(K)need to Knit

Posted on: 21 June, 08

This is a plea to all my knitting friends.  I want to learn to knit socks.  I know the basic stitches and can probably decipher instructions.  Any recommendations on a good beginning sock book?  There is only one knit shop in my area.  Gasp, I know.  They don’t have classes in the summer, which is the only time of year that I have time for classes.  So, it looks like this going to be a “self taught” proposition.  Am I delusional for thinking I can figure this out on my own? 

If I end up having knee surgery in August, I will desperately need something to do.  Since I can no longer participate in taekwondo, I need something to do while the boys are in class.  I need to knit! 


9 Responses to "(K)need to Knit"

Lucy Neatby’s Cool Socks Warm Feet – has the basics, well explained (in words, with some diagrams), a few patterns, and various parts of the sock (several different toe and heel construction methods) so you can be adventurous in putting together your own sock “pattern” when you are ready. Stitch counts for various gauges and size of sock.

Remember that socks require negative ease of about an inch or so. And it’s easier to try on toe up socks, although most “beginner” socks are written as cuff down with a flap and gusset heel.

Have fun – it’s a lot easier than it looks!

I learned how to knit socks using an online tutorial. That was years ago, and I don’t recall the website. Here’s one I found while poking around on Ravelry:

Other than that, probably something by Ann Budd, like her book Getting Started Knitting Socks, or Schurch’s Sensational Knitted Socks (I own the latter but not the former). They give you a formula for figuring out your own patterns, which I suspect will suit you given how you approach sewing.

While I haven’t tried it yet, I’ve got a book called “Crazy Toes and Heels”. She does toe up and cuff down instructions both in the same book.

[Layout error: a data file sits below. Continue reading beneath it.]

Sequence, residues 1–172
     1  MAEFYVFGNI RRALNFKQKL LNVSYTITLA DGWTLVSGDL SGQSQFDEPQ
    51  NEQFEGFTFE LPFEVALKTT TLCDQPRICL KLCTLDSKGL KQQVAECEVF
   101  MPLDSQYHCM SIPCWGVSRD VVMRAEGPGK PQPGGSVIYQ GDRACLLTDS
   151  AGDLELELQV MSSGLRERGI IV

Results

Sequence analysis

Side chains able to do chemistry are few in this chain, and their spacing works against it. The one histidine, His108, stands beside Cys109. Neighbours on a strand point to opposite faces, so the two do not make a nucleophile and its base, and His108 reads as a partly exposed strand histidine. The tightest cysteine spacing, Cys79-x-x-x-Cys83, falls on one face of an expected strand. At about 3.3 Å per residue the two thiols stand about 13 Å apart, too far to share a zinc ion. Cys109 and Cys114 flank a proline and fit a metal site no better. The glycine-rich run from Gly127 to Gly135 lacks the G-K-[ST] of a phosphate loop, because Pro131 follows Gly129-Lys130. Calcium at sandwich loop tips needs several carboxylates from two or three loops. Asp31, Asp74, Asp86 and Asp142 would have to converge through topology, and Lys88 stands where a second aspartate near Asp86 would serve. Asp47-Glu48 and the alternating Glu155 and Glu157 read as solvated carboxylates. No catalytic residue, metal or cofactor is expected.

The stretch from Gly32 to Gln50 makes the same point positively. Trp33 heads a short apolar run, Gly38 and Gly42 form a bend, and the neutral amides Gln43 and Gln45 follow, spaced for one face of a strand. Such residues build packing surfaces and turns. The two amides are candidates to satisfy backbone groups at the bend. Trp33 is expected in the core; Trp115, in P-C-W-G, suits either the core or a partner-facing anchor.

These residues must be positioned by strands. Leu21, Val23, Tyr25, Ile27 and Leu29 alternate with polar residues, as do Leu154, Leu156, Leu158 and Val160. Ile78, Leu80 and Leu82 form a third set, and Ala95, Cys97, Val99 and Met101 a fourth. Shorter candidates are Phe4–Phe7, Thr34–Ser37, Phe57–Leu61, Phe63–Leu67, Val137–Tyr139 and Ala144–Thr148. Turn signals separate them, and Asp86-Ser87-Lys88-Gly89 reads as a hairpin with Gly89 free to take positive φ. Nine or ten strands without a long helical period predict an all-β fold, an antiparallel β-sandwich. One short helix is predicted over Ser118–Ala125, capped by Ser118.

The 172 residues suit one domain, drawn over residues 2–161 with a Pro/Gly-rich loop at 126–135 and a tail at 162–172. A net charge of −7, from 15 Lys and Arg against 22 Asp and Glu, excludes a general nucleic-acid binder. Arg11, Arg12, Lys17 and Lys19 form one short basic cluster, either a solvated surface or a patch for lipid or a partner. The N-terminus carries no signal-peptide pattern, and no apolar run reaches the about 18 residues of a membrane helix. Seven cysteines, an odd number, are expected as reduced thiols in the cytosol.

She has a really clean method for doing the heel which is why I bought it….
The book is still properly aging on my shelf because I’m still immersed in my Mason Dixon Knitting book. You’re going to have to post your socks to get me off my hiney and motivate me to work on mine…!

Hop on over (no pun intended!) to a Borders or other big book store and give a look at the knitting books. See what appeals to you for the pictures. My first pattern was on the inside of the label of Lion Brand Magic Stripes yarn. Stepahine Pearl-McPhee’s “Knitting Rules” has a good generic sock “recipe” and the sock-shaped Knit Socks! has decent directions.
There are bunches of tutorials on line, and the ones with video are super! I recently lost all of my bookmarks so let me see what I can find.
I personally prefer knitting with one long circular needle, as it’s easier for me to stop at any point and put back in my back if I’m knitting “on the road”. Using double point needles is not as hard as it looks, though, as long as you remember there are only 2 needles “in play” at a time and the others are just stitch holders.

Oh, and I forgot – Lots of Borders have knitting groups that meet in their cafe – I’ll check on for one in your area!

Teri, I have been teaching myself to knit socks lately as well. I am using the book, “I Can’t Believe I’m Knitting Socks” by Cindy Guggemos. The basic sock is made using 5 needles. It was driving me crazy using that many needles. I was in a local yarn store and we were talking about that and they said I could do it with 4 needles — much easier! I have another book that teaches you to do socks on circular needles. I want to finish the current pair (not a lot of time for knitting so it will probably be ages) and then try the circular. The book is “Knitting Circles around Socks” by Antje Gillingham. The yarn store that I found locally does not do lessons in the summer, but they have promised that they will have a sock class in the fall plus if I take my socks up there anytime they will work with me as long as they don’t have customers to help. I might take them up on that one of these days!
Good luck with the knitting and the knee surgery!

I taught myself from Silver’s Sock Class (mentioned above) and from a Leisure Arts booklet by Edie Eckman called “Learn to Knit Socks.” The booklet give good illustrations for the steps in sock knitting, and I still refer to it for the Kitchener stitch.

Good luck! I’ll be watching for your first pair of socks! : )

Cat Bordhi’s Socks Soar on Two Circular Needles

Socks at

There is an online class (free!!) Its a great site. I taught myself to knit socks before I found it but recommend it to everyone I know who thinks they want to try sock knitting. Be warned….it is addictive!!

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